This blog post is waiting for me to have some time for the past couple of months by now. It did bite me back then, and so it did yesterday.
“Login failed. The login is from an untrusted domain and cannot be used with Windows authentication. Error source: Microsoft OLE DB Provider for SQL Server” – now, I must emphasize that I’m not going to reproduce the plethora of info that is present out there already, but instead I might be among the few selected ones that indeed had issues with AD domains. If you’re curious about that, read on; if you’re looking for how to enter some lines of code in some connection string, you better go have a coffee or something.
Background: the company that I work for, migrated all their SQL Server 2005 servers (with DAS – Direct Attached Storage) to SQL Server 2008 clustering (on SAN). This obviously means a lot (I mean A LOT) of fun, such as deprecated code, and so on. Besides this, one of the required steps is to swap the IP addresses between the SQL Server 2005 machine and the SQL Server 2008 resource on the cluster (of course, anybody knows that SQL Server 2008 is just a resource on a 2008 cluster, right? – I learned this the hard way).
And now for the fun:
“ONLY jobs that need to run to C:\Program Files (x86)\Microsoft SQL Server\80\Tools\Binn\DTSRun are failing.
The ones that are running C:\Program Files (x86)\Microsoft SQL Server\90\DTS\Binn\dtexec are running fine.
Secondly, the ones running under 80\Tools are the ones using the server IP (10.0.0.31). when you ping the IP address, it still returns SQL03DB as the server.”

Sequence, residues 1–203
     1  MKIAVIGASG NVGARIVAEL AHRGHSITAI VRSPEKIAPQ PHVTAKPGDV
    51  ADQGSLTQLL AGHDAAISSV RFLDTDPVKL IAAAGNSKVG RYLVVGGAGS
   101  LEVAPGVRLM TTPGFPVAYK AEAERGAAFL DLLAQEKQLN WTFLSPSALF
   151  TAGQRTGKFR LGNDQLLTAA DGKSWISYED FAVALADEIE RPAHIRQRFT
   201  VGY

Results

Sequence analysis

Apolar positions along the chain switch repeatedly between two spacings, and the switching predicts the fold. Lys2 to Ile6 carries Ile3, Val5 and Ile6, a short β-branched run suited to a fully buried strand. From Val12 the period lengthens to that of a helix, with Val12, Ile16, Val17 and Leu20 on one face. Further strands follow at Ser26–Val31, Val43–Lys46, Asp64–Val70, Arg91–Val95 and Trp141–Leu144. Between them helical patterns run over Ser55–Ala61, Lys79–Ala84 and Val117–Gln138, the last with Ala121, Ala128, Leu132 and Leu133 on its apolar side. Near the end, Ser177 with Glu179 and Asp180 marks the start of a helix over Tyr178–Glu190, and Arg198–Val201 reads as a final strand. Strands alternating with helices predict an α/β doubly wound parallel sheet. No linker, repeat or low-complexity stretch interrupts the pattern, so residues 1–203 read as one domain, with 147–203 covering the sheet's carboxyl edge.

Rough translation of the above: all the jobs that running DTSX packages are running fine, while all the jobs that are running DTS (SQL Server 2000 – yes, I know, that old) are failing in SQL Server 2008. Besides that, when I run ping –a 10.0.0.31, I still get the name of the SQL Server 2005 machine, instead of the SQL Server 2008 cluster resource.
This is something that happened early May, and I completely forgot about it. And it happened again yesterday.
Sorry for all that blur stuff, but this is a prod machine. Anyway, as you can see, the IP address of my SQL Server cluster resource is 10.0.0.10.
Now, if I ping –a 10.0.0.10, I get the following:
So instead of getting something in the line of “28DBCLU”, I still get the old SQL Server machine, which used to be “01db”.
Again, oddly enough, this manifested itself only for the DTS packages, which are running DTSRun, found in the \80 folder.
Solution? A very simple one, just ask the sys admins to make the necessary changes in the DNS (yes, that DNS, related to AD, DHCP, all that jazz). Also, it would be very helpful not to have hard-coded values in your hosts file.
And for the grand finale: I posted a question on Twitter, under #sqlhelp, asking whether I should have my system databases on SAN (which mean automatic failover in case something goes wrong with the active node), or if they should be on the default installation path (yes, that Program Files thing). While there was a little variation of the answers, my personal choice is to have them automatically fail over. Just imagine what would happen if you have a failover and the msdb
and master databases are not the same.